You're right about the character of Dame Catherine, Martina, and she is a good example of how 'human' the nuns are. We might have expected a group of paragons, so used to sublimating self that they were mere figures performing their devotions, but - as must be the case in real life - they are well-rounded individuals with the flaws and foibles the rest of us have.

kate D.

I agree with much that has been said about the merits; it is also interesting that it touches on the changes wrought by Vatican II. But I am more reistant too to some of what it offers. I was irritated by how easily problems were resolved; the worst instance was the ruby in the cross (how very convenient), and the pain of Philippa's lost child seemed to recede suspiciously quickly once that story was revealed. There were hints of intellectual and social snobbery (but treated gently, perhaps too gently, by the author) and only the most oblique take on sexuality. These no doubt reflect the period when it was written but I was left reflecting I could not imagine anyone writing a novel like this today, not because a convent might not be a good subject, but because painful and difficult material could no longer be set aside.It is a loving recreation of a largely vanished way of life (though I know Stanbrook still exists - didn't the nuns move to a new eco-freindly convent recently?)but I could have done with a bit more bite.


That's a good point, Sue. Mindfulness is a very popular practice these days, and it's perhaps akin to the nuns' 'deliberateness', as you put it, but faith, ritual and observance do provide a strong framework for living.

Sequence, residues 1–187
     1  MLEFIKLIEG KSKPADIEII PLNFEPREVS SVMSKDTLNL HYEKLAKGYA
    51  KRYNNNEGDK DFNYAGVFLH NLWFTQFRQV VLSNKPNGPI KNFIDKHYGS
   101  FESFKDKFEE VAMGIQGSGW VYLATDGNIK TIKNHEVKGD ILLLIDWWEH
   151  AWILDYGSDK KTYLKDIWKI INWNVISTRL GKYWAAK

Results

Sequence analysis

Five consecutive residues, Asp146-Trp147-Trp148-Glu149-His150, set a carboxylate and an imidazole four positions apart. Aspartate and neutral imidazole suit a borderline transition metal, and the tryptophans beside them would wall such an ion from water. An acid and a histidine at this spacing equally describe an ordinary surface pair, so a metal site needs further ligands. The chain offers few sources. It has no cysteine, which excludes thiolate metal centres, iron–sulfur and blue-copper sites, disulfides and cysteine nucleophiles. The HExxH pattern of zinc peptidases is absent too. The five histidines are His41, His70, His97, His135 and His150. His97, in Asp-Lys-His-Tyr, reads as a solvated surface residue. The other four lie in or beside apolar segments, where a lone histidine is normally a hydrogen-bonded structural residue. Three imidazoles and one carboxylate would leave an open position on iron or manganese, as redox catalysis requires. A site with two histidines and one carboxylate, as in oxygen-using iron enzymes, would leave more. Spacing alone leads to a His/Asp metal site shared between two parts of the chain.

So glad you enjoyed it, Susan.


That's great, Ursula!
You're right, on the face of it it's an unlikely subject for a novel, but it is a captivating book, and has apparently touched many people's lives in a deep way.


I think you are right that it is of its time, Kate, and written today it would be a very different book.
Stanbrook is in a new home and for anyone interested its website is here:


Stanbrook Abbey itself is now a conference centre and just down the road from Worcester where I live.


Do the delegates occupy the nuns' cells, I wonder.


I picked up the book, unsure what to expect, a story about nuns! I found myself enjoying it, it was written at a different time and place. I really liked Dame Catherine and the atmosphere described was certainly serene. Not at all what I expected.

I remembered an interview I had read in a women's magazine, many, many years ago, with a young woman who was entering a convert. She was explaining, as best she could, the reasons for her choice. She said that it was her chance to have a different type of life, than the one society expected of her. As I finished the novel, while it is fictional I can understand her choice. With the changes brought by Vatican II I wonder if young women are attracted to such a life now, as there are many more choices and opportunities out there for them.

It was a first time I had read anything by Rumer Godden and I am open to reading a few other titles by her. A good choice Cornflower, another pleasant surprise.


I found the book to be very informative. I liked it, as it gave us an insider's look at a way of life not chosen by many, especially these days!